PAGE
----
I was a slightly odd child. I preferred architectural books to dolls. I’ve always been really interested in design—and specifically circles, for some reason. My father, Daniel, who was a psychedelic artist, had an appreciation for Craftsman-style homes. My uncle Dean was a gifted interior designer who, like my father, also seemed to appreciate a hard angle. I think my love of objects, planets, and orbs was formed in response to these penchants.
When I was young, I used to calm myself by imagining circles around me. I often still do this. Everywhere I live has to have curves. Every piece of furniture—there’s nothing that’s a hard angle. I should stress, though, that these are subtle curves, with a slightly rounded edge. “Curvy” is a misnomer. My kind of curve is around a 15-degree angle. It’s not swoopy or, God forbid, Hollywood Regency, which is totally vomitous to me. I cannot abide Hollywood Regency furniture—it actually sends shivers down my spine.
My home in Los Angeles, which was built in 1961, has square lines, but I counter them with the curves of an early Milo Baughman chair and a Pierre Cardin chandelier with a waterfall of round beads. Curves make my brain happy. There’s something sensual and comforting about them. I really enjoy the work of Zaha Hadid—she definitely loved them.
My dream is to put a dome over my house in L.A., just to create my own biosphere. I don’t know if I’ll ever achieve that dream. Second to that, I just wrote a pilot for a show called Children of God and sold it to Amazon. It’s the origin story of a cult, how they get on their feet and start. I’m having them all live in geodesic domes. Why? Because it’s my cult and I can. I want the domes to be made of a synthetic version of an animal hide that’s at about 50 percent opacity, so I can shoot from the outside and see the silhouettes of people inside and get an amber glow off of it.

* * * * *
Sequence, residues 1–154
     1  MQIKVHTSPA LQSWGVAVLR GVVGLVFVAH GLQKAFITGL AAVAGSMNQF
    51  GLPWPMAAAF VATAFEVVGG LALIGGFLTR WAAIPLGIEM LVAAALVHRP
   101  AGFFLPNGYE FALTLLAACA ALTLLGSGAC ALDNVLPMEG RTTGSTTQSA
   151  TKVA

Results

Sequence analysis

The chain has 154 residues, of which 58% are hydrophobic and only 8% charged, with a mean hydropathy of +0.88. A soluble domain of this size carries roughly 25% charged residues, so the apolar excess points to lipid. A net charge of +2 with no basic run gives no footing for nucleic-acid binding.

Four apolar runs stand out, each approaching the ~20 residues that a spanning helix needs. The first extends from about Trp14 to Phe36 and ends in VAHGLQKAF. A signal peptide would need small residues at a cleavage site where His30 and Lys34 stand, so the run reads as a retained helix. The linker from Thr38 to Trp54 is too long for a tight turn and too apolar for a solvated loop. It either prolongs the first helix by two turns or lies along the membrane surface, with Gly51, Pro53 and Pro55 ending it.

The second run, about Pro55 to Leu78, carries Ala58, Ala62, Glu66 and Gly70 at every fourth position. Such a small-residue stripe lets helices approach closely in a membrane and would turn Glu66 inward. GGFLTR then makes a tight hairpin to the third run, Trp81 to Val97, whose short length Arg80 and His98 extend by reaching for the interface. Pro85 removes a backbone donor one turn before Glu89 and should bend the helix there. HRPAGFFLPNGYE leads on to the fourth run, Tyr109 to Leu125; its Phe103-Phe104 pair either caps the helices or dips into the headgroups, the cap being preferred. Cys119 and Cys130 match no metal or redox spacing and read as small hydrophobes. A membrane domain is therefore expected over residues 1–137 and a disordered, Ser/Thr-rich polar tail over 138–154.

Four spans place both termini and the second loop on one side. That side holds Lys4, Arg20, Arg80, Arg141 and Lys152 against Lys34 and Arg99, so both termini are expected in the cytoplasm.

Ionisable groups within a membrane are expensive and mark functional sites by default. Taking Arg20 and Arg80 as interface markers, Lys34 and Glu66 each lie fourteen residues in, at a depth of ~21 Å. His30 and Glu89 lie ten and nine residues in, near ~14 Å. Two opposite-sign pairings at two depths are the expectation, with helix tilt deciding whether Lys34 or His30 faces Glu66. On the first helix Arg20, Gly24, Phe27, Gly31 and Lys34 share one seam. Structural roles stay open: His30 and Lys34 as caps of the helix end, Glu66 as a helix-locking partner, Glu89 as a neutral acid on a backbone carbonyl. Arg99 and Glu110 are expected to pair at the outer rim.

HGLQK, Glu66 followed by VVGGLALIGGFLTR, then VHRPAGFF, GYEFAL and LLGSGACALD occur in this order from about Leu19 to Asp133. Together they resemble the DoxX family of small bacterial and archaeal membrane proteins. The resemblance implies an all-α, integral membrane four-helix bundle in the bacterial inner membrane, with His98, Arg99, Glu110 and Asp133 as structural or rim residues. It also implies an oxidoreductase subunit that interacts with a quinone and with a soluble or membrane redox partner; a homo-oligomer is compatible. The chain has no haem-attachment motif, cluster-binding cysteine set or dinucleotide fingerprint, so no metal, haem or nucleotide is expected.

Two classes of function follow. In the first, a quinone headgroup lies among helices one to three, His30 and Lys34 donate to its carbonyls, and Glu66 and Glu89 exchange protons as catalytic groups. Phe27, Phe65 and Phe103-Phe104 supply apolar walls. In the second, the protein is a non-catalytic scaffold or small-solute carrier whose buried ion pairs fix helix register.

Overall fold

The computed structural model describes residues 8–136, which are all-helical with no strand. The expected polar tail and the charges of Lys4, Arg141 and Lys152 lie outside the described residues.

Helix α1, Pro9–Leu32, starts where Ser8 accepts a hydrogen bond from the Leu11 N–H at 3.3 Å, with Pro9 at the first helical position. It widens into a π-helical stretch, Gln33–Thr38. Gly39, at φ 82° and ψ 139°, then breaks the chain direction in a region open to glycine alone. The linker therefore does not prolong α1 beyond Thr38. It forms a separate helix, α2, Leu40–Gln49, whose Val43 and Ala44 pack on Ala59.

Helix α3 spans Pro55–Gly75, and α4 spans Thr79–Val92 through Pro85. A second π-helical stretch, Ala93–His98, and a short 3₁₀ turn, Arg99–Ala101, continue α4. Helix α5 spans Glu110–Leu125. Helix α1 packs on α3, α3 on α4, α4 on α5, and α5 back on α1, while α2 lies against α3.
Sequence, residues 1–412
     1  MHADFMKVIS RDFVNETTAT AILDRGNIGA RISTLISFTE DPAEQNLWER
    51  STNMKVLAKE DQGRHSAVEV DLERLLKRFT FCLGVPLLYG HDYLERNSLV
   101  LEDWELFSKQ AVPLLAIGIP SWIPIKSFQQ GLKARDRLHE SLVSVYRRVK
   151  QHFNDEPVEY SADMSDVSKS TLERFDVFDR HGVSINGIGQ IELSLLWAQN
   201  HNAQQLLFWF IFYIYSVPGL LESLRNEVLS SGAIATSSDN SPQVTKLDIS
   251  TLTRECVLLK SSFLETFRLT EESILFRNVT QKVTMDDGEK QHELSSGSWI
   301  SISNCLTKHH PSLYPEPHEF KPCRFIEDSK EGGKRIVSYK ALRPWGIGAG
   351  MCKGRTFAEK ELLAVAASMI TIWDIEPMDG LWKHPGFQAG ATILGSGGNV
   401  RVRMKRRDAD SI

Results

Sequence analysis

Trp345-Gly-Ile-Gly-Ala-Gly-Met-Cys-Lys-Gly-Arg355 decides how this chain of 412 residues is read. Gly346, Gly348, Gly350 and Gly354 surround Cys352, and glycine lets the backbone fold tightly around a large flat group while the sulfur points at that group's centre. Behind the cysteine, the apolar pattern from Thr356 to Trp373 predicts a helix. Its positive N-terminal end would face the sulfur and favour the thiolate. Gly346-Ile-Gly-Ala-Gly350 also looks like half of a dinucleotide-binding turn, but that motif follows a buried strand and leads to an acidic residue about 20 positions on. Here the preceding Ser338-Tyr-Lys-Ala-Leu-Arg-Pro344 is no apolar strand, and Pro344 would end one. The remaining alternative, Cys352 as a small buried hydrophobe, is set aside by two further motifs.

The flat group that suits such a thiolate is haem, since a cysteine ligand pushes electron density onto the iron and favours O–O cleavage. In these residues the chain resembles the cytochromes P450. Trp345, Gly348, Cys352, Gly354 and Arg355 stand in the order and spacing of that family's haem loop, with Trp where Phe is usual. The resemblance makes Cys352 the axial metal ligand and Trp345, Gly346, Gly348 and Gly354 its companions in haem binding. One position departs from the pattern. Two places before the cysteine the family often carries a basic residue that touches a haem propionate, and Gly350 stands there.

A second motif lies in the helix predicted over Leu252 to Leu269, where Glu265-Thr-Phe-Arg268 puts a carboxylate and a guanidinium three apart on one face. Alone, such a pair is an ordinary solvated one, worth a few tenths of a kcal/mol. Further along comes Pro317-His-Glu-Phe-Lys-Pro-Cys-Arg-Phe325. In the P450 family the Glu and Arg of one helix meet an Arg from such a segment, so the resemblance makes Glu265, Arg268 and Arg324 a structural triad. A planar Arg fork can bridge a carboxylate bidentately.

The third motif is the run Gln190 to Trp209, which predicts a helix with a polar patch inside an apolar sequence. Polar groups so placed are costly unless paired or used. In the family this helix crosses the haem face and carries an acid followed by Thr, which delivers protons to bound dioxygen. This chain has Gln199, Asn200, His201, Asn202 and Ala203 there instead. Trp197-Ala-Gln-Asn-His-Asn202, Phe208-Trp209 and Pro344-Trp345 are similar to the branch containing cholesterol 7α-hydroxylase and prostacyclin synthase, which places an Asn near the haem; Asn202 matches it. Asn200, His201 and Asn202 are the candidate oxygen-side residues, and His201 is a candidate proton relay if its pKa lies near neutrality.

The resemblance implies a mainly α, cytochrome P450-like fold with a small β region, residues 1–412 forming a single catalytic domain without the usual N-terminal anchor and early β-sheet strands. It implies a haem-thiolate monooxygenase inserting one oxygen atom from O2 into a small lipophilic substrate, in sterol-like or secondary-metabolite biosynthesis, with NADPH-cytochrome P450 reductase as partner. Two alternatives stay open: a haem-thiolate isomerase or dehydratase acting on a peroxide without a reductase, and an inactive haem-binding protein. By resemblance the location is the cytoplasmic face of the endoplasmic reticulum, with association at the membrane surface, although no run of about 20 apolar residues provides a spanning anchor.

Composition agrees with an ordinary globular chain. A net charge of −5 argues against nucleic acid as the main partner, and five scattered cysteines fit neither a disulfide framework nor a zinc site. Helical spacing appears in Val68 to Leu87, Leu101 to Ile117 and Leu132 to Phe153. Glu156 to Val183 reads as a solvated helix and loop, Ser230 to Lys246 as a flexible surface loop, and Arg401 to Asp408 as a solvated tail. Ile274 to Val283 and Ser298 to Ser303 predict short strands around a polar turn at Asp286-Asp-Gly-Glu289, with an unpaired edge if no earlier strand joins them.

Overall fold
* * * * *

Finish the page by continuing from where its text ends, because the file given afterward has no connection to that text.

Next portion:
Amber light is another design tic of mine: I travel with a 10-pack of five-watt amber light bulbs, and I change them out wherever I go, usually leaving them for the next person. I can’t stand careless lighting. I wish more people understood that dimmers are their friends.
If we were living in a land of domes, America would obviously be cooler. Domes, in my fantasy, would overtake America—not in a rapid clip, but fairly steadily. Of all the geodesic domes I’ve ever seen, the ones at Drop City in southern Colorado stand out for me. The people there reflect their surroundings. It’s just wild to be around people who think differently, who see things differently, and who, like me, enjoy other people who enjoy a circle. People don’t realize the effect of an environment on their mood, on their thoughts, or on how they see the world. They think design is out of reach. It’s not. As long as you can really think about your surroundings, why wouldn’t you curate your own existence?